For the first time I was able to witness the welcome Martin and Benedict get when they arrive on set and it is quite something. There were hundreds of people there that day and the cheers they received when they arrived were like something from a rock concert! My friend had come with me out of curiosity and he couldn’t believe it. There came a point early on when the main crowd opposite 221b (we chose to stand in our usual spot on the corner a bit further along) screamed and cheered whenever they appeared from out of the door of 221b to rehearse the scene and after a couple of times, Benedict wandered across good naturedly and gestured for them to not do it when they were rehearsing/filming.
From then on, there was relative silence until Cut was shouted, at which point a large cheer and applause would be given. I felt as if I was at the theatre in some ways. It must be very strange for them filming TV in those surroundings.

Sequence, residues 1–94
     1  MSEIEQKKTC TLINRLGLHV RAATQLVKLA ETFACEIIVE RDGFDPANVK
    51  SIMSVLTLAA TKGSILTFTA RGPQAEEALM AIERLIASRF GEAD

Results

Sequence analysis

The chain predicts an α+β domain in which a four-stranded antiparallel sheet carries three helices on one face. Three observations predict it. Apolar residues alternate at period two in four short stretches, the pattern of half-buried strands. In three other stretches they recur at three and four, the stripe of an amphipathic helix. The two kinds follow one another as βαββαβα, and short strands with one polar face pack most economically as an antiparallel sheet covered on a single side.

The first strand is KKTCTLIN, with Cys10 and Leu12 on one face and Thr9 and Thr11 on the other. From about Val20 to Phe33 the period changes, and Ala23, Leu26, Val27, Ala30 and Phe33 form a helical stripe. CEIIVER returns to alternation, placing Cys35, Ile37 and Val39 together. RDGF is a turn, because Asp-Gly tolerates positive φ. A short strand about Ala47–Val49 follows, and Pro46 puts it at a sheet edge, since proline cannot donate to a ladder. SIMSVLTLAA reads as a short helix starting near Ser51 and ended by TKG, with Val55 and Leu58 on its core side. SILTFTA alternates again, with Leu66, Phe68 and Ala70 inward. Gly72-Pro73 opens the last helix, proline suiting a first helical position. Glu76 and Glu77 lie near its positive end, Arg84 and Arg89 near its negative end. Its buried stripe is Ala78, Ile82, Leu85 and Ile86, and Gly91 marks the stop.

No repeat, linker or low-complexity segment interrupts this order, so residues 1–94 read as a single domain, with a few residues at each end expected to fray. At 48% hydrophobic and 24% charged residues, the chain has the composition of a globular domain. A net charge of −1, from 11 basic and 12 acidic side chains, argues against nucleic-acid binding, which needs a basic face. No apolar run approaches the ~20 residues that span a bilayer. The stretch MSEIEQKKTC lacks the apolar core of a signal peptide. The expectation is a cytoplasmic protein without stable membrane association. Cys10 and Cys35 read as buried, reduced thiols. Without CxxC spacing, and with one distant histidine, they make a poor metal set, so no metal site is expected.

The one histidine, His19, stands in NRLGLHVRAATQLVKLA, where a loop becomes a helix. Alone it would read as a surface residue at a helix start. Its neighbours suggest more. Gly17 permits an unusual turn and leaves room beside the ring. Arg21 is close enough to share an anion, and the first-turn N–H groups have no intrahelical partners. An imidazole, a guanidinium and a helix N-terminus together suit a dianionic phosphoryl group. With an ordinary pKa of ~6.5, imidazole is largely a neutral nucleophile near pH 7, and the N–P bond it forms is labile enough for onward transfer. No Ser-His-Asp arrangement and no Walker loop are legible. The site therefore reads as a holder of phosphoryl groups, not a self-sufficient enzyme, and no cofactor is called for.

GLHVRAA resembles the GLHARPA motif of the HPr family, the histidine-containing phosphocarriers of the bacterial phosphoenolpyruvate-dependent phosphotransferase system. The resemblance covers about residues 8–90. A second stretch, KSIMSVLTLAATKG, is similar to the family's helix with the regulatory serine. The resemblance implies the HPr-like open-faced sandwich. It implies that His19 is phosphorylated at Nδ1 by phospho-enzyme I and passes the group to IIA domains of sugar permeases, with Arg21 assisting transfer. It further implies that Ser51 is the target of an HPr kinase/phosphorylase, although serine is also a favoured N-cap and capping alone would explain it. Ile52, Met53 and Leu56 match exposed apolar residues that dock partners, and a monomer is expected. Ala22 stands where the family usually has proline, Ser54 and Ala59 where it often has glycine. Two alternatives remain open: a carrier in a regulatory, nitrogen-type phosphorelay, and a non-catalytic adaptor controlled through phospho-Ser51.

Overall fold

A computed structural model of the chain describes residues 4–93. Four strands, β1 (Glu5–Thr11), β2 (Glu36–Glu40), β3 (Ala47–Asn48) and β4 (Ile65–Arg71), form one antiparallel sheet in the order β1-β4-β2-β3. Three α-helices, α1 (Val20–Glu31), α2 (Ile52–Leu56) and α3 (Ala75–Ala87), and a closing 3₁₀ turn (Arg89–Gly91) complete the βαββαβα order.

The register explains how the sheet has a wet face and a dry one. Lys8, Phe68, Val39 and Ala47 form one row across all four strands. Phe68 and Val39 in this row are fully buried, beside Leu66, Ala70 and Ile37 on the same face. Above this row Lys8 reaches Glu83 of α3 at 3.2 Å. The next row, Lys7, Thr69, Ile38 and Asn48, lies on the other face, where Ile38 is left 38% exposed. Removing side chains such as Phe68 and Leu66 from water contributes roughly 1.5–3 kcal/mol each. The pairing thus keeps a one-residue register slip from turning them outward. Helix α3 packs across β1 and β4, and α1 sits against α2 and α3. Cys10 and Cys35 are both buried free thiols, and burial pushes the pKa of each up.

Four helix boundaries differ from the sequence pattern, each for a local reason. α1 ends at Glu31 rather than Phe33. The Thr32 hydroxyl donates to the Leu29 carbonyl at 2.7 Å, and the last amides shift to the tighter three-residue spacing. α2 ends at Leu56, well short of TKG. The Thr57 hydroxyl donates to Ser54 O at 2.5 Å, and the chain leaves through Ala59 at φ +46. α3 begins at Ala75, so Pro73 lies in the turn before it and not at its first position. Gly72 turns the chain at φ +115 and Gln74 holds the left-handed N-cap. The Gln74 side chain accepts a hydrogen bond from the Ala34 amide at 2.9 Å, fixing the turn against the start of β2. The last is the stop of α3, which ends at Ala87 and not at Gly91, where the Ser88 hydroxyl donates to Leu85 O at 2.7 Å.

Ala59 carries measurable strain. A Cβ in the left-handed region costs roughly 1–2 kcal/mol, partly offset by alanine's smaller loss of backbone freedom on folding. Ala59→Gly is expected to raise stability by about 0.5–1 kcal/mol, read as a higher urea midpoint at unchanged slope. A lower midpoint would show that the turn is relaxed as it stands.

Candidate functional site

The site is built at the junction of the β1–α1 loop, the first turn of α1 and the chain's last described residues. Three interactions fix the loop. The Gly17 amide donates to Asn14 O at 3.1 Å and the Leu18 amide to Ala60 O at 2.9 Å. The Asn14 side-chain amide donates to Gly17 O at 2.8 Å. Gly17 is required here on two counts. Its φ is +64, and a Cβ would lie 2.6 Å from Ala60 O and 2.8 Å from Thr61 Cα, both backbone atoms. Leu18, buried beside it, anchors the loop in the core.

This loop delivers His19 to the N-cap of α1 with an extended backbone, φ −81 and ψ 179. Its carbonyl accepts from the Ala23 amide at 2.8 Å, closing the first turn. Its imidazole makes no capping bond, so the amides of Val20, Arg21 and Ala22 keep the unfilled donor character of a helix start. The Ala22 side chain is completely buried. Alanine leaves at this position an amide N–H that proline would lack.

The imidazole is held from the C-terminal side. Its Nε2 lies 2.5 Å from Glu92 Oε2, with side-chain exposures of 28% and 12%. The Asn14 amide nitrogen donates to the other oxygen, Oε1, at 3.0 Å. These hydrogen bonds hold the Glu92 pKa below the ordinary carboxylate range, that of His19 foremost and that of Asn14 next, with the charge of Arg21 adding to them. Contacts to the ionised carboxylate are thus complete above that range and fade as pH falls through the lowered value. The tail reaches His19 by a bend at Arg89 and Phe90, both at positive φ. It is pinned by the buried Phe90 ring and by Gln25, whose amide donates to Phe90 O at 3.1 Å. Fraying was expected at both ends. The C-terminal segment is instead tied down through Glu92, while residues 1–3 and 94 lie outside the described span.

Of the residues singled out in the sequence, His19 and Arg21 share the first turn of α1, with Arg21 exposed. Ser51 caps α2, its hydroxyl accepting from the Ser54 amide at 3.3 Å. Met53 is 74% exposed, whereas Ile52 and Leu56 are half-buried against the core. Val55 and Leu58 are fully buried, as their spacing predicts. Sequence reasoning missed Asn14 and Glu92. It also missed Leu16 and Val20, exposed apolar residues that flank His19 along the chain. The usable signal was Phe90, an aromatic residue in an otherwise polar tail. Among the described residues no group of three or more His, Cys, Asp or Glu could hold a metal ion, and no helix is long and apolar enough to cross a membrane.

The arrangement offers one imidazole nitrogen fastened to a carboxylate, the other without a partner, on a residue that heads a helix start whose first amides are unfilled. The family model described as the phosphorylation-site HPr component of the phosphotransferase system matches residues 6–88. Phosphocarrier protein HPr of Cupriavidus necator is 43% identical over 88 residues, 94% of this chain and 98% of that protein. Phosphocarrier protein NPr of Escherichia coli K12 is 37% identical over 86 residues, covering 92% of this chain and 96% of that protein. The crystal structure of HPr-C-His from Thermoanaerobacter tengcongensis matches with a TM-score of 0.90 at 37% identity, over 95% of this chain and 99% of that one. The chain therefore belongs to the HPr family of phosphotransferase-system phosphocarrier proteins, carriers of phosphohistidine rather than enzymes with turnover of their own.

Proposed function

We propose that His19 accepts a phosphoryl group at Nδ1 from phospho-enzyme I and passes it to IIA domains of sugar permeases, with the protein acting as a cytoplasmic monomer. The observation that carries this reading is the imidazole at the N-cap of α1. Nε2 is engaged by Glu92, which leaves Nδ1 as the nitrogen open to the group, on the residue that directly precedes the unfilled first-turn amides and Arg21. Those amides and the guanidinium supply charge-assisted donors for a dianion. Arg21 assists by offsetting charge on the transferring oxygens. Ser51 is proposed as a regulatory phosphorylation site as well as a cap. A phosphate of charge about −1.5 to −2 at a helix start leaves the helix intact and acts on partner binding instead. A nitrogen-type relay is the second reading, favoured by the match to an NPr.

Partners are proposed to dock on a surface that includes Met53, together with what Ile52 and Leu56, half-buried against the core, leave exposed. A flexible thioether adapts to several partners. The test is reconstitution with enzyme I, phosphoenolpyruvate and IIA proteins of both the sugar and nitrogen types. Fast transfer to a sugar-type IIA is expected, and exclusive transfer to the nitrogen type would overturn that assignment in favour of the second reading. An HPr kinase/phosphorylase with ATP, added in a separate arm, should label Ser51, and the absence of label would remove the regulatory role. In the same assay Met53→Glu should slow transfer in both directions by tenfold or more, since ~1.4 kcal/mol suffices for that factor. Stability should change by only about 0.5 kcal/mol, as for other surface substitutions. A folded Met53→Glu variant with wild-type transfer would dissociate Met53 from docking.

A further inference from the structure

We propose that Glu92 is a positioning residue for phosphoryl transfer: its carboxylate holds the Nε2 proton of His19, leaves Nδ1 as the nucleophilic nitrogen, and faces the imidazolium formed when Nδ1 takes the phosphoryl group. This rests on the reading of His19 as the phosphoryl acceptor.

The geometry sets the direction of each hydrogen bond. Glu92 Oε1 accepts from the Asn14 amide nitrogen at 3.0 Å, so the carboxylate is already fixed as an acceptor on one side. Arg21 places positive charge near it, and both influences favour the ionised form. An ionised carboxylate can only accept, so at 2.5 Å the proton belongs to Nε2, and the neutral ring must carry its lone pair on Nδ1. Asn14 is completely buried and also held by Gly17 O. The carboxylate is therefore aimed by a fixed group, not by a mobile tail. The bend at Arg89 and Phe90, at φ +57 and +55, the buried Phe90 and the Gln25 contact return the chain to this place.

Amanda Abbington also arrived on set and happily signed autographs for the crowd. This was also the day Benedict held up his political questions on civil liberties and I was hilariously referenced in a Guardian article, as possibly one of the first people to put on twitter what he’d said. That’s certainly one way to get your thoughts out to the world!
The other scenes filmed were the arrival of the henchmen of Charles Augustus Magnusson in a black car with the number plate “I CAM” and their entry in to Baker Street and also Sherlock’s arrival with John at Baker Street, dressed in very un-Sherlock tracksuit bottoms and T-shirt. We were all amused by his annoyance with the door knocker and again it was lovely to see the context of that on last night’s episode.